Caspari Center Media Review………….October #4, 2006
During the week covered by this review, we received 28 articles on the subjects of Jewish attitudes towards Jesus, anti-Semitism, anti-missionary activity, and Jewish law. Of the total:
- 2 dealt with attitudes to Jesus
- 2 dealt with missionary activity
- 1 dealt with the Gay Pride march
- 2 dealt with Jewish law
- 1 dealt with pilgrimage
- 4 dealt with the Pope and the Vatican
- 1 dealt with anti-Semitism
- 1 dealt with Christian Zionism
- 1 dealt with Christians in the Holocaust
The remaining 13 articles dealt with matters of Jewish and Christian interest.
Interest in the Pope has finally died down, relatively speaking. This week’s Review focuses much more on events in Israel, including anti-missionary activity and anti-Semitism, Jewish law (churches and synagogues), attitudes towards Jesus, and Jewish-Christian relations.
Iton Kol HaEmek ve-ha-Galil, October 13, 2006
An article in the regional journal of the Emek (Valley) and the Galilee reported the incident of a resident of Nazareth Elit who was house-sitting for Orthodox friends who were on holiday during Sukkot in the States.(Iton Kol HaEmek ve-ha-Galil (October 13). On one of his regular check-ups around the house, the friend discovered a swastika daubed on the front door. He made a complaint to the police which, it appears, was merely one of several regarding the appearance of swastikas on public buildings in a neighborhood of the town. According to the paper, “The drawings were attributed to missionaries operating in the city, but no evidence was found linking their members to the offense.” Although they stated that they would follow all leads, the police themselves were more inclined to believe that the graffiti was the work of “youthful pranksters.”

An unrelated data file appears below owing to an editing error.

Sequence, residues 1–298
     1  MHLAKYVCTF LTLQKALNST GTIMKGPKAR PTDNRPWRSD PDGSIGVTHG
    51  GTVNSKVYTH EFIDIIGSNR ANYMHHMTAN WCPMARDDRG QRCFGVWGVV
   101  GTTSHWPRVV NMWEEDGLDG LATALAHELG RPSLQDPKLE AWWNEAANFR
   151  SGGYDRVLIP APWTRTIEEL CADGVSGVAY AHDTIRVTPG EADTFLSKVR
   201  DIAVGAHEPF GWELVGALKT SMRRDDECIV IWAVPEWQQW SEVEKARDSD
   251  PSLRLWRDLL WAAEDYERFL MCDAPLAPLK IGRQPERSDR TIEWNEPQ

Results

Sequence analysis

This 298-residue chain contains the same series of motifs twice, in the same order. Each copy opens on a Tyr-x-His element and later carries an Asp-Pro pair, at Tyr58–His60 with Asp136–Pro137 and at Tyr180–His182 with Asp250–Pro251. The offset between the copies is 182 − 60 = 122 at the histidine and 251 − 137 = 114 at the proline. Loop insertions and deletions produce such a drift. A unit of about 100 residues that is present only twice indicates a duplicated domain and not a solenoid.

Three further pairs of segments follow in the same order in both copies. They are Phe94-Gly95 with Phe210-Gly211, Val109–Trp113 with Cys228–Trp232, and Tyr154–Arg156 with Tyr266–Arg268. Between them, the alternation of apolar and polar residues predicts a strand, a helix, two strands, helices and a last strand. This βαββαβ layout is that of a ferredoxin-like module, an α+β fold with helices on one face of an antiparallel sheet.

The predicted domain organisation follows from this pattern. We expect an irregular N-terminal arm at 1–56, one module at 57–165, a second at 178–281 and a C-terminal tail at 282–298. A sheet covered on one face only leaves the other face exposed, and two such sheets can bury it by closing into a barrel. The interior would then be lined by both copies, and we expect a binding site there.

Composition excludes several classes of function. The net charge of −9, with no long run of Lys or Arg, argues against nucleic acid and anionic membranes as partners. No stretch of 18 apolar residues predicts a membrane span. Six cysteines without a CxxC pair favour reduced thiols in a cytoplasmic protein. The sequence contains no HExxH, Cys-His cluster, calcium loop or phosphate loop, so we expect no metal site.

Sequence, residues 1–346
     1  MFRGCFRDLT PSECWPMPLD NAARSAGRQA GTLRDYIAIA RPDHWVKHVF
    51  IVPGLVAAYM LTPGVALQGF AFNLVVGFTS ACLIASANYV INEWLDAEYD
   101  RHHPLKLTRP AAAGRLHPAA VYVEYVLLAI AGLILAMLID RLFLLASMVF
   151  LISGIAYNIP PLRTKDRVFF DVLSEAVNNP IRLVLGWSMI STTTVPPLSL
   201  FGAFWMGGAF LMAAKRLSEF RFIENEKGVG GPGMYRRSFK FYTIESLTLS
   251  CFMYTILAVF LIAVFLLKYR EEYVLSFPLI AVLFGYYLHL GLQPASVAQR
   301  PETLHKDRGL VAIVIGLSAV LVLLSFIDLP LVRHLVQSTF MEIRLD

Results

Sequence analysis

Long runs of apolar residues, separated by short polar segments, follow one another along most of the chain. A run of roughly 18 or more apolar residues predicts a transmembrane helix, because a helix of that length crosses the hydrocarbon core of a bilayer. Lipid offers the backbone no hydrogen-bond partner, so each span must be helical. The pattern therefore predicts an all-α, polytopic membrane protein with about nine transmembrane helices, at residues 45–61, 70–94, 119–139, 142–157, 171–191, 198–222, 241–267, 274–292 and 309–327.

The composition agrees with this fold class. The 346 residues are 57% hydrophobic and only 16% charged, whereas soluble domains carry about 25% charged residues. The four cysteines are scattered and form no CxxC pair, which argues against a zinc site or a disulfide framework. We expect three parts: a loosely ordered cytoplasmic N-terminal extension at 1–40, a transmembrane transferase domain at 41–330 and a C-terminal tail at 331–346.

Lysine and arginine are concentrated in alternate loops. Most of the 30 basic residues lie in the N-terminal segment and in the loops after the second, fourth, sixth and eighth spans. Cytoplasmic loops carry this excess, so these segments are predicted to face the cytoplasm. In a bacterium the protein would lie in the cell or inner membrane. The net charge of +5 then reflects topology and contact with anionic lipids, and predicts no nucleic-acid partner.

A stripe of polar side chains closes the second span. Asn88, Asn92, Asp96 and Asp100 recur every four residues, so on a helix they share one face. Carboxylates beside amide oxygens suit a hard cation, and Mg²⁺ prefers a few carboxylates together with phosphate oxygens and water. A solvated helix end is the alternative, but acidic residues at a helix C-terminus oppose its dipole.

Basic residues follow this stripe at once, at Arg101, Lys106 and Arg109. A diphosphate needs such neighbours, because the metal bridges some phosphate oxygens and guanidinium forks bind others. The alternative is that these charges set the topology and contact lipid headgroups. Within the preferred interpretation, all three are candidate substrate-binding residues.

Arim, October 5; Yated Ne’eman, October 18, 2006
Following the emergence of the “Fanta” group of “missionaries” in an Ethiopian neighborhood of Jerusalem (see previous Reviews), Arim – which originally reported the phenomenon – noted on October 5 that Jewish religious leaders had convened a meeting of the local residents and “proclaimed war” on the so-called missionary group: “We need to go to the place as a large group of people and the confound those involved in the missionary activity [and get them to] understand the great wrongness of their activity.”
Events continue to unfold in Arad (see previous Reviews). Yated Ne’eman (October 18) reported that the latest development came in the form of a counter-complaint by the human rights group “BeTzedek” “[In Righteousness”]. In compliance with the latter’s request, the Supreme Court had ordered the Arad police to explain the grounds on which they had forbidden a demonstration in front of one of the houses of the “missionaries.” In response, the Arad police gave authorization for holding of the demonstration.